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‘Mona Lisa-esque’ Obama’s Portrait Appears To Roll Its Eyes No Matter Where You View It From

 

You can almost hear the former president saying “seriously?”

Barack Obama’s presidential portrait was revealed in Washington today, and the comparisons to Mona Lisa have been as immediate as they are expected.

“The man, she is the enigma,” says noted art-historian Basel D’Arte, best known for his critiques of famous paintings, and less so for his grasp of the distinctions between masculine and feminine pronouns in the English language. 

“When you look at the Obama man, you see much beauty, strength, and a certain how-you-say? A bit of a real fuck-you? Oui, c’est ca. A certain ‘fuck-you-I’ve-thought-about-this-a-lot-and-I-don’t-think-you-really-have. This is what the painting says, and that is why his eyes? They rolls like a royce.”

Basel is not alone in his analysis. As soon as the portrait was unveiled members of the audience were seen to slowly rise and begin moving about the large room, trying to find an angle from which his eyes did not appear, ever-so-slightly, to be rolling. And all present eventually agreed that that is precisely what they are doing.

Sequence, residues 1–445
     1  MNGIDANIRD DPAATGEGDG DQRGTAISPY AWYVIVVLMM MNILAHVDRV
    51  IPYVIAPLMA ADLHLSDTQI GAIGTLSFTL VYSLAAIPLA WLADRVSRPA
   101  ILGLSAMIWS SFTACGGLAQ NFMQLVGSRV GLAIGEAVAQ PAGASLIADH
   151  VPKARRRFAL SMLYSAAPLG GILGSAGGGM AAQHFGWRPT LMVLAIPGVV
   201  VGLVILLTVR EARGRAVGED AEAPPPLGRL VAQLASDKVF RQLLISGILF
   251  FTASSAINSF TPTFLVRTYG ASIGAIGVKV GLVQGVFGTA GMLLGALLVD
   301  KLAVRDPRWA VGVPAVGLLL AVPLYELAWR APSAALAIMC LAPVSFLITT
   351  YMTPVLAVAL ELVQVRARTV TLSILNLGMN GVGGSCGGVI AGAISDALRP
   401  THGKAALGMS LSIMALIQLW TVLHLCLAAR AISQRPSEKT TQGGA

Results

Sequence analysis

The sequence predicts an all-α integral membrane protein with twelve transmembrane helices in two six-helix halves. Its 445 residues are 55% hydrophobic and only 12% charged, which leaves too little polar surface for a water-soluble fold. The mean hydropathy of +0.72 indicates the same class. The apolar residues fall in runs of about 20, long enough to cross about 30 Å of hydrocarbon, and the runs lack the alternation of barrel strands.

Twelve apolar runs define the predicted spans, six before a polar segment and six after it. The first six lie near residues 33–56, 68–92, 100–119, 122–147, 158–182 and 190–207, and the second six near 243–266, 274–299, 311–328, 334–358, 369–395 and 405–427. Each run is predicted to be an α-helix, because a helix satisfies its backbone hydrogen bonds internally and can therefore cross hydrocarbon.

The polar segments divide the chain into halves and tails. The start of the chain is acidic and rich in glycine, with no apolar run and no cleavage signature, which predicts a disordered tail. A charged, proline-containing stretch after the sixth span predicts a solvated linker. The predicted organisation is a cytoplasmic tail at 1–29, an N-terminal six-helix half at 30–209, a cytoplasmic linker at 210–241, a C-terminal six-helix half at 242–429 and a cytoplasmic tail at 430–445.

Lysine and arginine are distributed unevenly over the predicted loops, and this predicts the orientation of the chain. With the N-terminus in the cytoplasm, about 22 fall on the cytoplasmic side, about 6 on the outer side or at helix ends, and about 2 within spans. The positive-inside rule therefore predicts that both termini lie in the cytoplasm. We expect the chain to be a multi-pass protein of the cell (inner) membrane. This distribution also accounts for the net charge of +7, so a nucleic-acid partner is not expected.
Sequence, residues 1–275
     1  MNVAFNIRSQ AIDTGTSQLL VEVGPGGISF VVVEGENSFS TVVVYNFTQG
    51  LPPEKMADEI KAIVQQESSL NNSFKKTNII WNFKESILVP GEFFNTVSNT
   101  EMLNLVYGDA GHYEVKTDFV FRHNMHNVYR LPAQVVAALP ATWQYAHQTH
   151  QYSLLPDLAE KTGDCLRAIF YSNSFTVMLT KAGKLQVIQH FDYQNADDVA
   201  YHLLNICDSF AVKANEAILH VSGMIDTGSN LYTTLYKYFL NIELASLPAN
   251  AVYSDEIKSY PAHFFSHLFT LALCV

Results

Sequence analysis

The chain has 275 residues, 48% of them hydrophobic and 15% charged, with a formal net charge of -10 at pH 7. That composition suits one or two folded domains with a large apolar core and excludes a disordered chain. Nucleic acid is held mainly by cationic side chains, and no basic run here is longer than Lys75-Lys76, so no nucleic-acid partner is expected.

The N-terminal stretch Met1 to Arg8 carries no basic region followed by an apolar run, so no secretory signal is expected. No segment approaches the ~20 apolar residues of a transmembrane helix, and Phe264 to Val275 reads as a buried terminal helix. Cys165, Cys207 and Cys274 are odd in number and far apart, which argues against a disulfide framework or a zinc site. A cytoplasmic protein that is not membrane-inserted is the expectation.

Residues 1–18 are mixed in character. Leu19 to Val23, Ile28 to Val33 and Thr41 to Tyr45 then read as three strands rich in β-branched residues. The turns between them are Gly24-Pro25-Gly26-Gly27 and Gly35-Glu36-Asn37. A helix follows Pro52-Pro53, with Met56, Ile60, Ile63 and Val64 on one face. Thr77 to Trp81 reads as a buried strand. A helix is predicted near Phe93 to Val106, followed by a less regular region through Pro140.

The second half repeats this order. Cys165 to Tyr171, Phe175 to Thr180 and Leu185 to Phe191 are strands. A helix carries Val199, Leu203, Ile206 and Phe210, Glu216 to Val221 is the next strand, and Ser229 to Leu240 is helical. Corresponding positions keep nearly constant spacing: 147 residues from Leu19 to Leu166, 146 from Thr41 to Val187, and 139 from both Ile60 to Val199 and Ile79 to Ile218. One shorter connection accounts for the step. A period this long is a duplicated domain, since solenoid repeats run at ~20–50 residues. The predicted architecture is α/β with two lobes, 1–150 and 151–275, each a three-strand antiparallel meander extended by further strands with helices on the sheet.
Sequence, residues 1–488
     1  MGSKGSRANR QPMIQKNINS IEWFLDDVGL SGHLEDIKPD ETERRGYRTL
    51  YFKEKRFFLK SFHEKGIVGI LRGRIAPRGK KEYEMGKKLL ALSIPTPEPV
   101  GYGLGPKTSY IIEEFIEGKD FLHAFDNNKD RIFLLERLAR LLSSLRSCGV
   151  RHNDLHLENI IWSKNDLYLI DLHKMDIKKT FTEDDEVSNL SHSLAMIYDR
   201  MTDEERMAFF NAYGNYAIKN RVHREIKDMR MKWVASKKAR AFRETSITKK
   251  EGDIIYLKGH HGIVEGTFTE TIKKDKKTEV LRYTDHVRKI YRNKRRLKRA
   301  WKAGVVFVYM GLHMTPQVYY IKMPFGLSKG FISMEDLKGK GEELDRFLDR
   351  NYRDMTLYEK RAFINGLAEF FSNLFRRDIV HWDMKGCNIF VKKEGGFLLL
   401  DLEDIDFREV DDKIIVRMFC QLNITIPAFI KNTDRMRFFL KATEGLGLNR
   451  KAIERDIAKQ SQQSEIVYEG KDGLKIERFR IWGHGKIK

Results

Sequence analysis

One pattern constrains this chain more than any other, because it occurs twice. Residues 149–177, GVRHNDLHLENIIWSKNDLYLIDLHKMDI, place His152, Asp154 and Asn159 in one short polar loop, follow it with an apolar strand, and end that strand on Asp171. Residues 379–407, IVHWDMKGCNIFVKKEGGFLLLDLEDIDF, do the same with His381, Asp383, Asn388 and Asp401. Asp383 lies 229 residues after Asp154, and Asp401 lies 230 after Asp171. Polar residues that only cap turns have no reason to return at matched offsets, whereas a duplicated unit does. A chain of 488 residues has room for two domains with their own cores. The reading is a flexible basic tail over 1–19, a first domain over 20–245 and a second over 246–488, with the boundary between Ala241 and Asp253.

“Really remarkable,” said the former president’s former photographer, Pete Souza, “I’ve seen that eye roll a lot over the years, usually when Rand Paul or Ted Cruz were in our vicinity, but to see it up there in oil, amongst all those leaves, for all of time? That’s pretty special right there. That’s my Barry.”

Today’s grand unveiling will also be the last to take place at the National Portrait Gallery, after the institution used the occasion to announce that it thinks 44 presidents are a nice round number to hang on the walls, no need for 45.

“And so we will be closing our doors thanks very much,” said the newly appointed gallery director, Viv Le Revoler. “But that really is for the best. I’m sorry we must insist. I will say that we haven’t ruled out reopening sometime in the future, in say, 3-7 years? And if we should do so there really wouldn’t be any need to catch up on what might have happened between now and then.” Here Le Revoler paused, and took a moment to gaze down the long hall of presidential portraits, to the end where George Washington sits; his square jaw looking increasingly clenched during these years, eyes seeming to grow grimmer every day.

“Yes. Sometimes an empty, unused space can speak more loudly than anything.”

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